Guests at a hotel here will soon have their room service orders delivered to them by talking robots.
From June, two robots will take on the roles of bellboy and housekeeper at Park Avenue Rochester Hotel, delivering bottled water, linen and toiletries and, later on, food, luggage and mail to guests' rooms.
The 311-room hotel in Buona Vista is the first hotel in Singapore to turn to robotics to cope with the labour shortage.
Techi the robot, developed by an American company, uses driverless technology and has sensors that prevent it from knocking into walls and people.
Techi will have the building map built into its system, enabling it to navigate the hotel and even ride the lifts on its own.
Commands can be keyed into the robot. Upon arriving outside a guestroom, Techi will "call" the guest, via the unique phone number linked to each room.
Guests who pick up the phone will hear an automated voice saying: "Your order has arrived."
The robots will help take some workload off the overstretched housekeeping team and allow the human staff to spend more time interacting with guests, said hotel general manager Ryan Sun.
The two robots, which cost $100,000 each and can carry loads of up to 80kg, can do the same amount of work as four full-time employees in a year.
The hotel has 22 people in its housekeeping team - about half of the 40 it needs - because it simply cannot find more workers.
"It's not about how much we offer to pay. Nobody comes for the interviews," Mr Sun lamented.
The average age of the housekeeping staff, who work eight-hour shifts six days a week, is above 50. Pushing trolleys ladened with linen, which can weigh as much as 70kg, takes a toll on their health.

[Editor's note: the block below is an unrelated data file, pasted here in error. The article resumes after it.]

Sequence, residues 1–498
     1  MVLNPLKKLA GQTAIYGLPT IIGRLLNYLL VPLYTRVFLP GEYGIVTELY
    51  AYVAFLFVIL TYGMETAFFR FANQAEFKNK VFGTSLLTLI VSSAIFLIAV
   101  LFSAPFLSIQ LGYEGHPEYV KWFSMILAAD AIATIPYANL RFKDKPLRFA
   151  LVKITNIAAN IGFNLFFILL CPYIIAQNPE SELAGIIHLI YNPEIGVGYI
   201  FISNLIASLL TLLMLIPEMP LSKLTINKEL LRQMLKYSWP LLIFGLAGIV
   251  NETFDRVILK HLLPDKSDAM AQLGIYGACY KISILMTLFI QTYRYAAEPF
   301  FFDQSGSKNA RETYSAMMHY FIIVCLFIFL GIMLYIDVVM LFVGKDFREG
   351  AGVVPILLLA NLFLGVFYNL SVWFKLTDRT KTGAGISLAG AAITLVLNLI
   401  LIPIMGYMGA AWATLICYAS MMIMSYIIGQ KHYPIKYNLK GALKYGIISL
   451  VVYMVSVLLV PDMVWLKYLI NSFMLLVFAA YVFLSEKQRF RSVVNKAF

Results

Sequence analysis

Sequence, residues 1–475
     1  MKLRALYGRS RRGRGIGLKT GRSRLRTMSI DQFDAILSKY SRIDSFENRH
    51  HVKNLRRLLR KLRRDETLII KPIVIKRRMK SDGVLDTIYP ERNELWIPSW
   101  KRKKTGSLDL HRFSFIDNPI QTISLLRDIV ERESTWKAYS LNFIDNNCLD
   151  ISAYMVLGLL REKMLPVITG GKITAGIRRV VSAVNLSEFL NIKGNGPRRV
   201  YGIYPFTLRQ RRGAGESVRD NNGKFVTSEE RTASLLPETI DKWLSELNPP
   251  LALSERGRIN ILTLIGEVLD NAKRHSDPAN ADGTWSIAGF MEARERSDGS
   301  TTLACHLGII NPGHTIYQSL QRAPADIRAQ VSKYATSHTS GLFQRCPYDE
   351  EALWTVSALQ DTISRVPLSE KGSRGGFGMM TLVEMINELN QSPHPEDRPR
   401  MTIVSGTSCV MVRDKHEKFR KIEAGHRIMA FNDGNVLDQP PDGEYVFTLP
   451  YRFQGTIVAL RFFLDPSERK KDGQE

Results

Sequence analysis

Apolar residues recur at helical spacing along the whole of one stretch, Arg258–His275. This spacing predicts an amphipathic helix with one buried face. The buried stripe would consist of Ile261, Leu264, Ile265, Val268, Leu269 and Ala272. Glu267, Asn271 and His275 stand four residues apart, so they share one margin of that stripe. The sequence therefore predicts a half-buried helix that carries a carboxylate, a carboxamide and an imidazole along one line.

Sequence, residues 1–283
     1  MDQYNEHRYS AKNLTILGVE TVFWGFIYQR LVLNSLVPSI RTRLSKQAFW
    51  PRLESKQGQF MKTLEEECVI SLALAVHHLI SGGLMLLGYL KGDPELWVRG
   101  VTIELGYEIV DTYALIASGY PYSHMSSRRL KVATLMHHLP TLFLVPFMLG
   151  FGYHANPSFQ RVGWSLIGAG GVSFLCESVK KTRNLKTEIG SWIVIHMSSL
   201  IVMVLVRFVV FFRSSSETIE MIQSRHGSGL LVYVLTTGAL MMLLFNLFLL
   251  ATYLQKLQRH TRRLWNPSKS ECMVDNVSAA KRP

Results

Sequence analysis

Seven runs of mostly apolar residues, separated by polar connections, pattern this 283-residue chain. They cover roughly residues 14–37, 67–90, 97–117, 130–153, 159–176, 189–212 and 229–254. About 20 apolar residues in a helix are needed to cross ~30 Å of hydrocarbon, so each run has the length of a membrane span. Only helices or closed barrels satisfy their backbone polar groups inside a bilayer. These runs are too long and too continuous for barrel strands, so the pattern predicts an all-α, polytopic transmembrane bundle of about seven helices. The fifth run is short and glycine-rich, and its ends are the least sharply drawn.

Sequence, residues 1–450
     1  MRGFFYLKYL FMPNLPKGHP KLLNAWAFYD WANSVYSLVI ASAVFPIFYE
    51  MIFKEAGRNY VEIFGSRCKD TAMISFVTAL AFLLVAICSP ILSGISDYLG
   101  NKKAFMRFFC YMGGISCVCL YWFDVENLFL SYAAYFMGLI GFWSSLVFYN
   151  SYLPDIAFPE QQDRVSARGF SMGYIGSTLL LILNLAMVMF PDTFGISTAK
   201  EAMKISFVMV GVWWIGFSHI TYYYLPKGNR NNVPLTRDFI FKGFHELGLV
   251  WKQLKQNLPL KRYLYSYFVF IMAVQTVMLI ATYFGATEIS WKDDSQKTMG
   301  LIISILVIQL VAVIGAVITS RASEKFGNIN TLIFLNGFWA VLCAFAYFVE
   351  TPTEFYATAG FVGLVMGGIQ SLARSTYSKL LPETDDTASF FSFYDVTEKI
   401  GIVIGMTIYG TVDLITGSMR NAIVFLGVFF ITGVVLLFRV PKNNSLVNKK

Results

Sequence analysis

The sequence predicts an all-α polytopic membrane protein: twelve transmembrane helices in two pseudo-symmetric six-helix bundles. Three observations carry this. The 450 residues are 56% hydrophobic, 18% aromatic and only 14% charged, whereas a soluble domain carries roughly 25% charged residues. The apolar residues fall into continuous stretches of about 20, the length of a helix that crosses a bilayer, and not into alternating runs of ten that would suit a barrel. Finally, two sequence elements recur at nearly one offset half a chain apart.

Mr Sun hopes the robots will lead not just to gains in productivity, but also fewer sick leave among his staff.
The concept of robots serving in hotels, while new to Singapore, has taken off overseas. One hotel in south-west Japan, for example, has been staffed almost entirely by robots since last July.
In Singapore, the workforce is estimated to grow by 1 per cent to 2 per cent annually until 2020.
Between last year and 2020, an estimated 13,300 hotel rooms will be added, representing a compound annual growth rate of 3.5 per cent, far outstripping workforce growth.
In the light of this manpower shortage, it is "imperative for hoteliers to transform their processes through innovation and technology", said Ms Ong Huey Hong, director of hotels and sector manpower at the Singapore Tourism Board.
"We are encouraged by this first robotics project in the housekeeping function within the Singapore hotel industry, and hope that it will inspire more hotels to innovate as well," she added.
Park Avenue, which is spending a total of $285,000 to pilot its robot housekeepers project, is currently integrating the robotics system with the building's infrastructure. This includes changing some of its doors to auto doors and reconfiguring its lifts to "communicate" with the robots using Wi-Fi.
Going forward, Techi has the potential to push wheelchair-bound guests around. It can also do "quality checks" on rooms by scanning details such as whether towels are hung at the right length and if pillows are placed correctly.
The next challenge is human-related - whether guests and staff will take to the robots.
"We have to educate customers to manage their expectations. Some guests may not like the idea, they still prefer the concierge, wearing a nice uniform, to greet them," said Mr Sun.
As for staff, "we don't want them to feel that their jobs will be taken away", he said. "We want them to view the technology from a more positive angle. This will help them offload some of the duties rather than replace them."